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Aid groups: Darfur orphans are not orphans

Most of those 103 children who were to fly to Europe from Chad appeared to have at least one parent alive, U.N. agencies said.

A French group calling itself Zoe's Ark was stopped last week from flying the children it described as orphans from Sudan's Darfur to Europe, where the group said it intended to place them with host families. Seventeen Europeans have been detained by Chadian authorities, including six French citizens who were charged with kidnapping. The group says its intentions were purely humanitarian.

The Sudanese government, meanwhile, has summoned the French ambassador to voice objections over the matter, and asked Interpol to help apprehend the head of Zoe's Ark.

Aid workers who interviewed the children at an orphanage in eastern Chad where the children are being cared for said most of the children come from villages on the Chadian-Sudanese border region.

"Ninety-one of the children referred to a family environment made up of at least one adult person whom they consider as a parent," the U.N.'s Children Fund, the U.N. refugee agency and the Red Cross said in a joint statement.

The French Foreign Ministry and others have cast doubt on the claims by the little-known group that the children were orphans from Darfur - the western Sudanese region that has for the last four years been a battleground for rebels, government troops and government-allied militiamen.

The International Committee of the Red Cross and the two U.N. aid agencies said several days of talks with 21 girls and 81 boys aged between one and 10 "suggest that 85 of them come from villages in the border region between Chad and Sudan, in the area of Adre and Tine." Adre and Tine are both in Chad.

Interviews continue, the agencies said, to track their families or close relatives.

ICRC, UNICEF and UNHCR also brought food, clothes and other goods to the children, and said they were working closely with the Chadian authorities.

The agencies said some of the children had been treated for small injuries, but that none appeared to be suffering from serious health conditions.

The Sudanese government summoned the French ambassador on Tuesday, the same day several hundred Sudanese students held a protest sit-in in front of French embassy.

The Khartoum government has demanded the alleged kidnappers and those who helped them be handed over to Sudan for trial. The Sudanese Interior Ministry asked Interpol on Wednesday to help apprehend the head of the aid organization.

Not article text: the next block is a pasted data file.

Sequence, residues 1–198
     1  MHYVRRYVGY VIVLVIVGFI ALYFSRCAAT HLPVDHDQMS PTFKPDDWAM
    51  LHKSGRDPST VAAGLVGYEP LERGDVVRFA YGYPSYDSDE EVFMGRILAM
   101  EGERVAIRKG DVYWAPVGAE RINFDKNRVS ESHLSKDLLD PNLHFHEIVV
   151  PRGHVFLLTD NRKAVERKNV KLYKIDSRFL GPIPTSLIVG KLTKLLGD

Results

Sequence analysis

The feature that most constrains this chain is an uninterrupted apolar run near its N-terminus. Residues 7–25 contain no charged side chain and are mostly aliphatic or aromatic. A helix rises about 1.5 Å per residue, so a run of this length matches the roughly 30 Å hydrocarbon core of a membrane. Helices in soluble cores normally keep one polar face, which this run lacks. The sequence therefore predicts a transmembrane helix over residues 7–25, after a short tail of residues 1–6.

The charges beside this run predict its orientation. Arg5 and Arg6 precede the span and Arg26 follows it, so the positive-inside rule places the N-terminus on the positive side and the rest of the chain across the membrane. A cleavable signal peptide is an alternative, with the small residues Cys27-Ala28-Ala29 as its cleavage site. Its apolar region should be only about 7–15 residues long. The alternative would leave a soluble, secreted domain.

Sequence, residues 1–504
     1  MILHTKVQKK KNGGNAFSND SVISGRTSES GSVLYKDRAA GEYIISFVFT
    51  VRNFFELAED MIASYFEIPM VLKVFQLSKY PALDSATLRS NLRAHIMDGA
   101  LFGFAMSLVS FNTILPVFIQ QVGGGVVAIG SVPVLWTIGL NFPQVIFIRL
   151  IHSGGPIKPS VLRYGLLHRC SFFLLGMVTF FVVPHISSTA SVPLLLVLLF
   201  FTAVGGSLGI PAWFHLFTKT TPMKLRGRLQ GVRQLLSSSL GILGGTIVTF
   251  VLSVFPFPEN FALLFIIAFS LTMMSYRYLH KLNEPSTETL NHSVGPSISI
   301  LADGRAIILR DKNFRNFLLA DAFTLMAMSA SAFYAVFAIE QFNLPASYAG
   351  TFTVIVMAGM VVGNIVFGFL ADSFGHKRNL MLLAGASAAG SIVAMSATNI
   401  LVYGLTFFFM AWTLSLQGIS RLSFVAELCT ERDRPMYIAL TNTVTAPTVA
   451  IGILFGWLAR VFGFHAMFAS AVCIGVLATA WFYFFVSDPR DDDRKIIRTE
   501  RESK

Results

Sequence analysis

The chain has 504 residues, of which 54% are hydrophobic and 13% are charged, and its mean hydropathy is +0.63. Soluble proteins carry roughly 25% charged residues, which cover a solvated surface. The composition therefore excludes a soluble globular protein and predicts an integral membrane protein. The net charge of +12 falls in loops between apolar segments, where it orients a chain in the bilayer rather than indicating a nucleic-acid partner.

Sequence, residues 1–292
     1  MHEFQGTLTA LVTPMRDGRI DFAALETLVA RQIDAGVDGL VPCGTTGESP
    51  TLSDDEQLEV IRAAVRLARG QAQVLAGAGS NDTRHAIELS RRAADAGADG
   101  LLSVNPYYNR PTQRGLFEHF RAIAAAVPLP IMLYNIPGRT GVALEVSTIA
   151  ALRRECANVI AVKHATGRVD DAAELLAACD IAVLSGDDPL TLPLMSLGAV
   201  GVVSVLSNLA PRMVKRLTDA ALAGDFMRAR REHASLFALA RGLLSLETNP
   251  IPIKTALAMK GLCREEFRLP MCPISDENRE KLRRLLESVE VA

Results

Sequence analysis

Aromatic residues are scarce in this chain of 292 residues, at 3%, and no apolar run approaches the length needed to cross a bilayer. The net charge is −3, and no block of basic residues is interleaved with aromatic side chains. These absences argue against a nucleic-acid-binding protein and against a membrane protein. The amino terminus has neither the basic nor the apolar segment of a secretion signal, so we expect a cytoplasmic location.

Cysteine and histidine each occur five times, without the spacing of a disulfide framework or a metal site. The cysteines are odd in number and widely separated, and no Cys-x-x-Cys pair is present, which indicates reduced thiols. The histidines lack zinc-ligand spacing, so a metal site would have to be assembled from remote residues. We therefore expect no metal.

On Thursday, a delegation of senior Sudanese officials led by the Minister of Social Affairs Samia Ahmed Mohammed was to travel to Chad to monitor the interrogations there and steps that will be taken protect children from future abductions.

According to its Web site, Zoe's Ark, founded in 2005 by volunteer firefighter Eric Breteau, announced in April it planned on "evacuating orphans from Darfur." The group launched an appeal for host families and funding.

Established French aid and adoption agencies had raised questions about Zoe's Ark could legally organize adoption of children from Darfur, and alerted French judicial authorities, according to French newspaper reports.

The French Foreign Ministry in August warned families to be careful. Still, some 300 families reportedly signed up to adopt or foster children, and many were waiting at a French airport last week for the children when they heard members of the group had been arrested.

Of the 17 people detained in Abeche since last week, six were French citizens charged with kidnapping. If convicted, they face up to 20 years in Chadian prison with hard labor.

Three French journalists traveling with the Zoe's Ark members and an eight-member flight crew including a Belgian pilot were under detention as prosecutors tried to determine whether they should be charged.

In a phone conversation, French President Nicolas Sarkozy asked Chadian President Idriss Deby to free the journalists "as soon as possible, with respect to Chadian legislation," Sarkozy spokesman David Martinon said Wednesday. Sarkozy, who has condemned the group's actions, took a softer tone Wednesday and appealed to Deby to respect the presumption of innocence in the case.

Deby promised Sarkozy he would do "everything in his power" to liberate the French journalists being held, the office of the French president said.

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